Leading with Curiosity, Passion and Integrity: Valmont Industries President & CEO Stephen G. Kaniewski Weathers the Storm
Leadership is defined in times of crisis. A leader earns their mark when they “gird and inspire people through difficult times,” wrote historian Nancy Koehn. Valmont Industries President and CEO Stephen G. Kaniewski has learned this firsthand through the trial-by-fire method. The tireless researcher, people person and technology leader at the helm of the Nebraska-born…
Leadership is defined in times of crisis. A leader earns their mark when they “gird and inspire people through difficult times,” wrote historian Nancy Koehn.
Valmont Industries President and CEO Stephen G. Kaniewski has learned this firsthand through the trial-by-fire method. The tireless researcher, people person and technology leader at the helm of the Nebraska-born irrigation-systems manufacturer stepped into his role as CEO three years ago, unaware of the sequence of local, national and international crises soon to erupt.
The 2018 United States–China trade war hit global manufacturers, including Valmont, with tariffs, trade barriers and rising raw material costs.
The 2019 Missouri River flood inundated towns all over eastern Nebraska and western Iowa, including Valmont largest factory in Valley, Nebraska, and two additional facilities in the area.
The 2020 COVID-19 pandemic has severely impacted public health and economic production around the world. That includes Valmont.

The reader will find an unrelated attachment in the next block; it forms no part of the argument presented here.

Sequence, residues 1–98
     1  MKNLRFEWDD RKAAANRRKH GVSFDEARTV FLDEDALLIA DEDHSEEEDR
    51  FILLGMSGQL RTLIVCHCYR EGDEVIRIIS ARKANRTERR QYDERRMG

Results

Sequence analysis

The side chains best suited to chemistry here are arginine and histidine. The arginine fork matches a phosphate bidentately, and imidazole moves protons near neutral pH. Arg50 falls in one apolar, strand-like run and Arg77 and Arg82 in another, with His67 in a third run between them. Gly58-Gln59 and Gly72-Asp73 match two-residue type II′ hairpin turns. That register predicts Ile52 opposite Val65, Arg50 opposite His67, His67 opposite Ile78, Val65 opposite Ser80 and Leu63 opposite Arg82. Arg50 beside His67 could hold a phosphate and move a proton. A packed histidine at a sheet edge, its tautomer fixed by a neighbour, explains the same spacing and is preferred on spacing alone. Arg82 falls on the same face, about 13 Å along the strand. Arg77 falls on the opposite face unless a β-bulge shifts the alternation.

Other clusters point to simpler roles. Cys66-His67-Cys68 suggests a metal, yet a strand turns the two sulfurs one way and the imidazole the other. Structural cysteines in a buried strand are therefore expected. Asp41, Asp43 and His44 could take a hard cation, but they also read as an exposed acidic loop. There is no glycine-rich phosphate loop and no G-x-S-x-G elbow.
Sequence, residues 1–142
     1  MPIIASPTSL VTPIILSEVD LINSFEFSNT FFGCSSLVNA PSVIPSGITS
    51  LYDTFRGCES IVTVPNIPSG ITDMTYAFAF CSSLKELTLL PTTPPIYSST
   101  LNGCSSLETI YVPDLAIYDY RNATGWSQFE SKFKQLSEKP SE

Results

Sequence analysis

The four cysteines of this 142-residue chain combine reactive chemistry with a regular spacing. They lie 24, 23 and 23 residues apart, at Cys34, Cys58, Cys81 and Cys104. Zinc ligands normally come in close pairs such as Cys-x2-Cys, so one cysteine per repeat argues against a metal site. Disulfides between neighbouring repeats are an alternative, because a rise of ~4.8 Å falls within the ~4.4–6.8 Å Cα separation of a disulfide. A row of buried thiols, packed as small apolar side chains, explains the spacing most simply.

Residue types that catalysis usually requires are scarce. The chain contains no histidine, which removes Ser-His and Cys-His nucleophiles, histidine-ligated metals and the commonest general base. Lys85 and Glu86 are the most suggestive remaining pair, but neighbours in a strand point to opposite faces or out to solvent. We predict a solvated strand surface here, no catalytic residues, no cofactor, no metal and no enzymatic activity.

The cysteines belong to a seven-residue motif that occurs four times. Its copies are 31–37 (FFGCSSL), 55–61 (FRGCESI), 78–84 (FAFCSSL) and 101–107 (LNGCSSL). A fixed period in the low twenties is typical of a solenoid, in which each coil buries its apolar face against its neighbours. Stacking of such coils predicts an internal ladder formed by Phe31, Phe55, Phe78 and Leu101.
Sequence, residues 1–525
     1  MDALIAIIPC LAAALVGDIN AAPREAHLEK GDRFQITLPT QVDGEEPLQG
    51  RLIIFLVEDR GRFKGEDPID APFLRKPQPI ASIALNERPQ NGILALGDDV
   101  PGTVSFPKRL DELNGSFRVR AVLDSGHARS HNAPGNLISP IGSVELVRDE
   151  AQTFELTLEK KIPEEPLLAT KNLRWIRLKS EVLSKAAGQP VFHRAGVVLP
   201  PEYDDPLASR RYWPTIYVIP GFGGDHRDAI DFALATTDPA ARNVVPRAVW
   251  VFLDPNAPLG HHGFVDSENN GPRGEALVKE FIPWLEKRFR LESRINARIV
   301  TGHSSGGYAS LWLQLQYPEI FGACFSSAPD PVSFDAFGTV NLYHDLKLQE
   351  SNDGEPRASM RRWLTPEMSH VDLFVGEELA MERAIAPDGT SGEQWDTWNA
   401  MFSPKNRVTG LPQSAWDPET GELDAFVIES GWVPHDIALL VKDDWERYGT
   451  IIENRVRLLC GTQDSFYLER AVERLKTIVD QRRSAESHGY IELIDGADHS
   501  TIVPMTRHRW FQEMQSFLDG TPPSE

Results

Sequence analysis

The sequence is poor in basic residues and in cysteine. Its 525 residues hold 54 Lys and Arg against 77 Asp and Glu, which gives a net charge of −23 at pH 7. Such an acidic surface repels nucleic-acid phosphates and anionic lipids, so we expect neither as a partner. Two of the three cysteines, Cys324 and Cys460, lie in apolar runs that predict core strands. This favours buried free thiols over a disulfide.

Formed in 1946, Valmont operates 87 factories on six continents in 23 countries and employs over 10,000 people. It’s also a Fortune 1000 company. Kaniewski’s leadership decisions are, therefore, seismic.
So far, he has taken events in stride. He helped Valmont temporarily shift production locations to partner facilities during last year’s flood and has implemented telecommuting, public health monitoring and cross-functional teams to promote employee safety and mitigate potential production delays due to the coronavirus. Despite facing these recurring challenges, Valmont increased revenue slightly to $2.8 billion in 2018 and held that number in 2019, according to 2018 and 2019 annual reports.
Meanwhile, Kaniewski has increased the company’s investment in technology, including expanding the growth of their innovative smart pole tech, unmanned aerial systems for inspections, and wireless monitoring technology on powerlines.
A Smart Leader with Curiosity, Compassion and Integrity
“As a leader, you can’t find many more leaders better than him,” said Claudio Laterreur, Senior Vice President of Information Technology and Chief Technology Officer at Valmont.
At Kaniewski’s invitation, Laterreur left a long and successful career at IBM to work for Valmont. He didn’t have to think twice. The two had worked together in the past and understood each other. Laterreur had always admired Kaniewski’s intelligence, integrity and deep understanding of people and technology.
“He’s a guy focused on the people,” Laterreur said.
And that includes all employees: executives, managers, production workers, office staff and everyone else.
“In short, I am a fan,” said Claudia Reutzel, Kaniewski’s executive assistant since 2018. “It is easy to be a fan because Steve is a humble, fun, remarkable guy. He truly cares about people and is always looking at helping others, not only during catastrophes like flooding or pandemics, but all the time.”
Kaniewski’s dedication to improving people’s lives extends beyond his role at Valmont. He has spent his time in the greater Omaha community helping build a better, brighter future through various forms of volunteerism, including serving as Board Chair for both the United Way of the Midlands and the AIM Institute, a nonprofit that works to remove barriers to technology education and strengthen the tech community.